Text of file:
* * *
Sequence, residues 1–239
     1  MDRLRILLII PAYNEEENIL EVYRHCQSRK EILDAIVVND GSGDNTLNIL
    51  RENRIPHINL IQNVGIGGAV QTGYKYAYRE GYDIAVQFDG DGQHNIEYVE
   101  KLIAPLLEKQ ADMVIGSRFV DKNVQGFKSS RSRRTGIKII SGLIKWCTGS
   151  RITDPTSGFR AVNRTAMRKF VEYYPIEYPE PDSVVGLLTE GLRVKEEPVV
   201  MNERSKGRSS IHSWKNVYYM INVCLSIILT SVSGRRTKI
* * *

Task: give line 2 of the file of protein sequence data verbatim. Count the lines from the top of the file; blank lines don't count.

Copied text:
     1  MDRLRILLII PAYNEEENIL EVYRHCQSRK EILDAIVVND GSGDNTLNIL